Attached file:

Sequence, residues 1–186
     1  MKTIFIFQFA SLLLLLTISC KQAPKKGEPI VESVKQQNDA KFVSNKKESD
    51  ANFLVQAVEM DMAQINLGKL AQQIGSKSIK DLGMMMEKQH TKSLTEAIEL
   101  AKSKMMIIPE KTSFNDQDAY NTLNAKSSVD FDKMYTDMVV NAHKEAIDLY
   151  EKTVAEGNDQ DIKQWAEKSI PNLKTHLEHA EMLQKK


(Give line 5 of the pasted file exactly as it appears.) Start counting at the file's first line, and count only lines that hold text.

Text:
   151  EKTVAEGNDQ DIKQWAEKSI PNLKTHLEHA EMLQKK